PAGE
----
Book excerpt: “The Ministry of Time” by Kaliane Bradley

Simon & Schuster

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A delightful mix of historical fact and science fiction, Kaliane Bradley’s debut novel “The Ministry of Time” (Simon & Schuster) mixes historical fact and science fiction in the story of a secret British agency that plucks doomed people from the past.

Read an excerpt below. 

“The Ministry of Time” by Kaliane Bradley

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The interviewer said my name, which made my thoughts clip. I don’t say my name, not even in my head. She’d said it correctly, which people generally don’t.

“I’m Adela,” she said. She had an eye patch and blond hair the same color and texture as hay.

“I’m the Vice Secretary.”

“Of …?”

“Have a seat.”

This was my sixth round of interviews. The job I was interviewing for was an internal posting. It had been marked SECURITY CLEARANCE REQUIRED because it was gauche to use the TOP SECRET stamps on paperwork with salary bands. I’d never been cleared to this security level, hence why no one would tell me what the job was. As it paid almost triple my current salary, I was happy to taste ignorance. I’d had to produce squeaky-clean grades in first aid, Safeguarding Vulnerable People, and the Home Office’s Life in the UK test to get this far. I knew that I would be working closely with refugees of high-interest status and particular needs, but I didn’t know from whence they were fleeing. I’d assumed politically important defectors from Russia or China.

Adela, Vice Secretary of God knows what, tucked a blond strand behind her ear with an audible crunch.

“Your mother was a refugee, wasn’t she?” she said, which is a demented way to begin a job interview.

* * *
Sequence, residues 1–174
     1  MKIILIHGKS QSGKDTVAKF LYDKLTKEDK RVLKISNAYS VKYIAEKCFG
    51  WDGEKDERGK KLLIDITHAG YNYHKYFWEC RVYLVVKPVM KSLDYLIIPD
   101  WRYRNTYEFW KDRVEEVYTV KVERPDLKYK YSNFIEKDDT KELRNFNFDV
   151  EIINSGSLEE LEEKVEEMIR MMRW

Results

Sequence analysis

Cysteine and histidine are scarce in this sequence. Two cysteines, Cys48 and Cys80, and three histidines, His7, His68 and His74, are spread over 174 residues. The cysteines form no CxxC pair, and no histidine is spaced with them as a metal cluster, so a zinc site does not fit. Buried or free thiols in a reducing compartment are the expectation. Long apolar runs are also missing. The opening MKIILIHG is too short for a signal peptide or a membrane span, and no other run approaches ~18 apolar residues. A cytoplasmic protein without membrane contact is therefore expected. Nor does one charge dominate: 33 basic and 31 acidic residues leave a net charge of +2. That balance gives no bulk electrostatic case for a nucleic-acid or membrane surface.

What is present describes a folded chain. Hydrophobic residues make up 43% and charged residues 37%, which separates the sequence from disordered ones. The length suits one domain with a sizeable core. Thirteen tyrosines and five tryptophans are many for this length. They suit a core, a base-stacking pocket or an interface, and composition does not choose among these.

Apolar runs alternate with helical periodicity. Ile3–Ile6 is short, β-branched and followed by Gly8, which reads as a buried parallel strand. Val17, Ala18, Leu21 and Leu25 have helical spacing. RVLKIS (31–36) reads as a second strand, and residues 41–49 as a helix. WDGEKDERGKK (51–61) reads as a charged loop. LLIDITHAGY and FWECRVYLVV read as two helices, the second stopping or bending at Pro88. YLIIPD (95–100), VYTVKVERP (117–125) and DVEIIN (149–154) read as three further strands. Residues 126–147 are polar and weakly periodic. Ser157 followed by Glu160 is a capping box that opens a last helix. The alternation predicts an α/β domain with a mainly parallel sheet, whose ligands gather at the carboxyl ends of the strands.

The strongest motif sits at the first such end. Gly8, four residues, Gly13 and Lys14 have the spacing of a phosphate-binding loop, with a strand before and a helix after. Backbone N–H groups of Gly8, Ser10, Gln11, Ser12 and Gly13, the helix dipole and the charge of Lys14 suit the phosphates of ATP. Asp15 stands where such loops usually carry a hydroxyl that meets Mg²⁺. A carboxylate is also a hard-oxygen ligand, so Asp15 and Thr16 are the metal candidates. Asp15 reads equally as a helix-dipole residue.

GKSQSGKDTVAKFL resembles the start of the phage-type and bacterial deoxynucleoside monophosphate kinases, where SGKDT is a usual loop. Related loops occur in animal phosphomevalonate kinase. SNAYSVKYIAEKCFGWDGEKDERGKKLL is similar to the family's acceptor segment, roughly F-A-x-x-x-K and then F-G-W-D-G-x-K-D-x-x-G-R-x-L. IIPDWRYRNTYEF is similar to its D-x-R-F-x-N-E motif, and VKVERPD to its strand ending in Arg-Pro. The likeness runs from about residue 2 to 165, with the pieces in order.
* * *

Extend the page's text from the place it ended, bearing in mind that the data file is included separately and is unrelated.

“Yes, ma’am.” “Cambodia,” she said. “Yes, ma’am.”

I’d been asked this question a couple of times over the course of the interview process. Usually, people asked it with an upward lilt, expecting me to correct them, because no one’s from Cambodia. You don’t look Cambodian, one early clown had said to me, then glowed like a pilot light because the interview was being recorded for staff monitoring and training purposes. He’d get a warning for that one. People say this to me a lot, and what they mean is: you look like one of the late-entering forms of white—Spanish maybe—and also like you’re not dragging a genocide around, which is good because that sort of thing makes people uncomfortable.

There was no genocide-adjacent follow-up: Any family still there [understanding moue]? Do you ever visit [sympathetic smile]? Beautiful country [darkening with tears]; when I visited [visible on lower lid] they were so friendly. …

Adela just nodded. I wondered if she’d go for the rare fourth option and pronounce the country dirty.

“She would never refer to herself as a refugee, or even a former refugee,” I added. “It’s been quite weird to hear people say that.”

“The people you will be working with are also unlikely to use the term. We prefer ‘expat.’ In answer to your question, I’m the Vice Secretary of Expatriation.”

“And they are expats from …?”



Adela shrugged. “We have time-travel,” she said, like someone describing the coffee machine. “Welcome to the Ministry.”

From “The Ministry of Time” by Kaliane Bradley. Copyright © 2024 by Kaliane Bradley. Excerpted with permission by Simon & Schuster, a division of Simon & Schuster, Inc.

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